This morning I came across this fragment by Engels this morning, penned in 1887 as the introduction to a pamphlet by Sigismund Ludwig Borkheim (a veteran of the revolutions of 1848 and member of the International Workingmen’s Association) titled “In Memory of the German Arch-Patriots of 1806-1807″. Engels in this period was flirting with the theories of capitalist breakdown that flourished in the years of depression following the Panic of 1873 (at least this is what I argued in a recent post, check it out), which often posed a ‘catastrophist’ account of the transition beyond capitalism. By some accounts this was a political catastrophe (the revolution accelerated by the pressure of capitalist crisis), and in others this was an economic catastrophe (the final collapse of capitalism taking on a precedence over that of political organization). What’s interesting is that in Engels’ piece is a version of catastrophism that isn’t immediately economic, or at least the usual sense—it’s a world war. And indeed, when we look at the tendencies, both economic and cultural, it isn’t really the mild recovery from the Long Depression in the early 1900s that closes this period; it’s World War I itself.
Anyways, here’s Engels:
And, finally, the only war left for Prussia-Germany to wage will be a world war, a world war, moreover of an extent the violence hitherto unimagined. Eight to ten million soldiers will be at each other’s throats and in the process they will strip Europe barer than a swarm of locusts. The depredations of the Thirty Years’ War compressed into three to four years and extended over the entire continent; famine, disease, the universal lapse into barbarism, both of the armies and the people, in the wake of acute misery irretrievable dislocation of our artificial system of’ trade, industry and credit, ending in universal bankruptcy collapse of the old states and their conventional political wisdom to the point where crowns will roll into the gutters by the dozen, and no one will be around to pick them up; the absolute impossibility of foreseeing how it will all end and who will emerge as victor from the battle. Only one consequence is absolutely certain: universal exhaustion and the creation of the conditions for the ultimate victory of the working class.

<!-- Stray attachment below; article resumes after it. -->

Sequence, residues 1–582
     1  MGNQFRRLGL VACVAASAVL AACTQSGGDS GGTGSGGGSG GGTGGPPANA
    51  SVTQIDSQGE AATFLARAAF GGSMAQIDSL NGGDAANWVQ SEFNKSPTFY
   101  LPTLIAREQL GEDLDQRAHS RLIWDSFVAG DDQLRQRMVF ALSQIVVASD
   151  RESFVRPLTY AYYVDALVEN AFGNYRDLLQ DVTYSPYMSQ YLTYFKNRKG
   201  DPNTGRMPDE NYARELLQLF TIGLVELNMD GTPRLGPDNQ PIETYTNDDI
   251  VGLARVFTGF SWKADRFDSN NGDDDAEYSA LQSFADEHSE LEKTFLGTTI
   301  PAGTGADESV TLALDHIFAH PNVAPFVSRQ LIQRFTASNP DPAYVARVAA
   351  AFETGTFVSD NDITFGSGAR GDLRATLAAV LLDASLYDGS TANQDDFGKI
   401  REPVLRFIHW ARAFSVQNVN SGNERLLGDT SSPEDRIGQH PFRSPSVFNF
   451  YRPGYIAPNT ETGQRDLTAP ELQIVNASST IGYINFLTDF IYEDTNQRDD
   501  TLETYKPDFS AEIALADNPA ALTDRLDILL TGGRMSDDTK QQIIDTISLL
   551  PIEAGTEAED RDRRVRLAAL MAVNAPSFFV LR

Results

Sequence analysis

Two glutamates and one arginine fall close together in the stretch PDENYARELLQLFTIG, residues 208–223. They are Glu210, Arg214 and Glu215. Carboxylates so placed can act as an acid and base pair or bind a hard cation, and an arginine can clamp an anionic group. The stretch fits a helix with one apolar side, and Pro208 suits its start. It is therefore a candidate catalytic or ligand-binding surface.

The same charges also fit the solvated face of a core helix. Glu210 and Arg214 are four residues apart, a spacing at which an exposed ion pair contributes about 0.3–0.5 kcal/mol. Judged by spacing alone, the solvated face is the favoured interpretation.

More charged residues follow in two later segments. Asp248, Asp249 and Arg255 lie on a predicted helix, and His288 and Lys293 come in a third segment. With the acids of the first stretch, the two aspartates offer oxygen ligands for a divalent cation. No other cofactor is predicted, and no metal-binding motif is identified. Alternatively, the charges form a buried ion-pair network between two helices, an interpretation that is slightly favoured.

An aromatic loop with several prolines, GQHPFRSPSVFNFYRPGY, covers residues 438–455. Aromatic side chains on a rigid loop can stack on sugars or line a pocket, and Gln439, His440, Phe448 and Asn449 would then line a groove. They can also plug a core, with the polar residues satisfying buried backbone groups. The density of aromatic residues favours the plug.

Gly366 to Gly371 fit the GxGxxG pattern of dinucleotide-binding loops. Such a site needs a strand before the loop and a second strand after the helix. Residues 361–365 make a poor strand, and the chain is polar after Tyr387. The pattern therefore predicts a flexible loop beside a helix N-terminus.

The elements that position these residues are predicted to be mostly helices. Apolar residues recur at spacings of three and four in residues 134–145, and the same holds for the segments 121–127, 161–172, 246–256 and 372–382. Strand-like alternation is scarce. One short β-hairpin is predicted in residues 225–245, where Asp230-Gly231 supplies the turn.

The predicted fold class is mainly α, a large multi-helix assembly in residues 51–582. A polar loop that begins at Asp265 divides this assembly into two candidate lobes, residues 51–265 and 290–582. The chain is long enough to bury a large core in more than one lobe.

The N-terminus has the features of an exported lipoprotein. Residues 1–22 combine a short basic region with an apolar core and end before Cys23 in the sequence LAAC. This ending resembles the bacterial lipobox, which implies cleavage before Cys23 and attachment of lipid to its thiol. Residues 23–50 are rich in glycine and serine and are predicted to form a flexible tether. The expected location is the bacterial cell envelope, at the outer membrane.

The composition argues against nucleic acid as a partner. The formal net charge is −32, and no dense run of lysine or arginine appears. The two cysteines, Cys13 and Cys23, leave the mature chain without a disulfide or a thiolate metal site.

That is the prospect for the moment when the development of mutual one-upmanship in armaments reaches us, climax and finally brings forth its inevitable fruits. This is the pass, my worthy princes and statesmen, to which you in your wisdom have brought our ancient Europe. And when no alternative is left to you but to strike up the last dance of war – that will be no skin off our noses. The war may push us into the background for a while, it may wrest many a conquered base from our hands. But once you have unleashed the forces you will be unable to restrain, things can take their course: by the end of the tragedy you will be ruined and the victory of the proletariat will either been achieved or else inevitable.
In 1918, Lenin looked back on these words and described them as a “scientific prophecy which has come true”.